I was a bit afraid that getting an UMTS USB stick to work under Linux would be an impossible task. Turns out to be reasonably simple. These notes are for a Huawei K4505 HSPA+ USB stick, as provided by Proximus (Vodaphone group).

This stick employs the “ZeroCD technology”, also called “flip flop devices”. When plugged in, it presents itself as a mass storage device with its (Windows) installer. It then needs a switching command, which is normally send by the driver once it’s installed. Only after this switching command, the modem is presented to the OS.

So the first step is to get the USB device into the correct mode. This can be done with usb_modeswitch (called usb-modeswitch on ubuntu). The Ubuntu package automatically installs the needed udev-rules to make things work automagically. Seconds after plugging in the device, I can see (via dmesg) the switch and see /dev/ttyUSB0 added.

The modem is now visible. Next up is making the actual connection with the network. I’ve found this guide for ArchLinux, which works on Ubuntu with almost no changes. For redundancy reasons, I’ll summarize the steps below:

# cat > /etc/ppp/options-mobile <<EOT
ttyUSB0         # Use this device
921600          # at high speed
lock            # create lockfile
crtscts         # use hardware (CTS/RTS) flow control with the modem
modem           # use modem control lines
passive         # don't exit if no LCD reply is received
novj            # no TCP header compression
defaultroute    # use this connection as default route
noipdefault     # use IPCP to get IP, don't try to guess one
usepeerdns      # Use supplied DNS servers
noauth
hide-password   # don't log passwords (if used)
persist         # reopen connection if closed
holdoff 10      # but wait 10 seconds between reconnects
maxfail 0       # and keep trying forever
debug           # tell me what's going on
EOT

# cat > /etc/ppp/peers/mobile-auth <<EOT
file /etc/ppp/options-mobile
user "your_usr"
password "your_pass"
connect "/usr/sbin/chat -v -t15 -f /etc/ppp/chatscripts/mobile-modem.chat"
EOT
# cat > /etc/ppp/peers/mobile-noauth <<EOT
file /etc/ppp/options-mobile
connect "/usr/sbin/chat -v -t15 -f /etc/ppp/chatscripts/mobile-modem.chat"
EOT
# ln -fs mobile-noauth /etc/ppp/peers/provider

# mkdir /etc/ppp/chatscripts
# cat > /etc/ppp/chatscripts/mobile-modem.chat <<EOT
ABORT 'BUSY'
ABORT 'NO CARRIER'
ABORT 'VOICE'
ABORT 'NO DIALTONE'
ABORT 'NO DIAL TONE'
ABORT 'NO ANSWER'
ABORT 'DELAYED'
REPORT CONNECT
TIMEOUT 6
'' 'ATQ0'
'OK-AT-OK' 'ATZ'
TIMEOUT 3
'OK' @/etc/ppp/chatscripts/pin
'OK\d-AT-OK' 'ATI'
'OK' 'ATZ'
'OK' 'ATQ0 V1 E1 S0=0 &C1 &D2 +FCLASS=0'
'OK' @/etc/ppp/chatscripts/mode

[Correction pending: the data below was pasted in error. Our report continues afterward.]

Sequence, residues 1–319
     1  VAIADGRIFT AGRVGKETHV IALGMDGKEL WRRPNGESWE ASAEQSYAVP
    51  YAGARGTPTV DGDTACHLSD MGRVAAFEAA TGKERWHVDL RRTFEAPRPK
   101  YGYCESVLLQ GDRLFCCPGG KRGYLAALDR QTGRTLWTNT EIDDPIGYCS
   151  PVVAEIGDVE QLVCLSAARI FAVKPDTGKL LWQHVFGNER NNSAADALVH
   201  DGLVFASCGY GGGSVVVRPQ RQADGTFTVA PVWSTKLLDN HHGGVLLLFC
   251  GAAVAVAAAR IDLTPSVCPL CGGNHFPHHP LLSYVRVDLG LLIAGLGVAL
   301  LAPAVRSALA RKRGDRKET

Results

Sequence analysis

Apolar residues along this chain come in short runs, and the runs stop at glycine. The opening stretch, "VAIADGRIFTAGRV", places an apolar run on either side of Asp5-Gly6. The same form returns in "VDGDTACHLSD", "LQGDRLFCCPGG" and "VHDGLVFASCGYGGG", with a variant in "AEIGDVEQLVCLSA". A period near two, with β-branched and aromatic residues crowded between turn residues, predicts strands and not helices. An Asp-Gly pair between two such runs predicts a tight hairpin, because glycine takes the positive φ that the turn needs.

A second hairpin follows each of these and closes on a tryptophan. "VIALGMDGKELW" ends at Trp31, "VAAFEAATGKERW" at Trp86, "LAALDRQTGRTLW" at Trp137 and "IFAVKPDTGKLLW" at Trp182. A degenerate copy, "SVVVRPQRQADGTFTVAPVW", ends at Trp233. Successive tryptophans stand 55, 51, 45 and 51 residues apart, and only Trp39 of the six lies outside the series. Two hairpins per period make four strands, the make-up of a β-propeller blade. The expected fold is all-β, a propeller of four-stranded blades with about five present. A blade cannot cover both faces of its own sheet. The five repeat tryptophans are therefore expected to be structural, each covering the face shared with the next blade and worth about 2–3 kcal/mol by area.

'OK-AT-OK' @/etc/ppp/chatscripts/apn
'OK' 'ATDT*99***1#'
TIMEOUT 30
CONNECT ''
EOT

# cat > /etc/ppp/chatscripts/apn.be.proximus <<EOT
AT+CGDCONT=1,"IP","internet.proximus.be"
EOT
# ln -fs apn.be.proximus /etc/ppp/chatscripts/apn

# cat > /etc/ppp/chatscripts/pin.CODE <<EOT
AT+CPIN=1234
EOT
# cat > /etc/ppp/chatscripts/pin.NONE <<EOT
AT
EOT
# ln -fs pin.CODE /etc/ppp/chatscripts/pin

# cat > /etc/ppp/chatscripts/mode.3G-only <<EOT
AT\^SYSCFG=14,2,3fffffff,0,1
EOT
# cat > /etc/ppp/chatscripts/mode.3G-pref <<EOT
AT\^SYSCFG=2,2,3fffffff,0,1
EOT
# cat > /etc/ppp/chatscripts/mode.GPRS-only <<EOT
AT\^SYSCFG=13,1,3fffffff,0,0
EOT
# cat > /etc/ppp/chatscripts/mode.GPRS-pref <<EOT
AT\^SYSCFG=2,1,3fffffff,0,0
EOT
# cat > /etc/ppp/chatscripts/mode.NONE <<EOT
AT
EOT
# ln -fs mode.3G-pref /etc/ppp/chatscripts/mode

These instructions set up a set of files with symlinks to easily switch between configs. Simply changing the symlinks in /etc/ppp/chatscripts allows you to change the APN or the (preferred) mode.

Once these configuration files are in place, a simple pon brings up the connection.

Other useful AT commands

I’ve found the AT command specification for a Huawei Modem (local copy) which listed some other interesting AT-commands:

  • AT+CSQ returns the current RSSI (received signal strength indicator). The first number indicates the Rx power = (-113 + <num>*2) dBm. You can convert this to the more usual “bars” unit, this site lists some value-to-bars conversions (local copy).
  • AT^SYSINFO tells you what mode is currently used (GPRS, EDGE, UMTS, …) in the 7th field:
    • 0: No service
    • 1: GSM mode
    • 2: GPRS mode
    • 3: EDGE mode
    • 4: WCDMA mode
    • 5: HSDPA mode
    • 6: HSUPA mode
    • 7: HSDPA mode and HSUPA mode
    • 8: TD_SCDMA mode
    • 9: HSPA+ mode
    • 17: HSPA+(64QAM) mode
    • 18: HSPA+(MIMO) mode
  • AT+CREG=2 and AT+CGREG=2 when used on /dev/ttyUSB2 return the cellID of the current cell (on a periodic basis).

6 Comments

  1. Thibaut says:

    Can it be done on Raspbian too?
    On my Raspberry Pi the switchover seems to happen (sometimes) after unplugging and replugging the modem (E5331s) on a live Raspberry Pi. I have no luck yet with using usb-modeswitch on Raspbian.

  2. Niobos says:

    Hi Thibaut,

    I’m pretty sure it can be done on Raspbian as well.

    Can you elaborate what you have already tried and what the result was: Did you get any log messages about usb-modeswitch attempting to switch the device? In what configuration did you get (intermittent) success?

    N

  3. Thibaut says:

    Hi Niobos,

    The log messages (I’ve put a selection of it with attention to the USB devices) are below at the end.
    Raspbian recognises a Mass-storage drive in the Huawei Dongle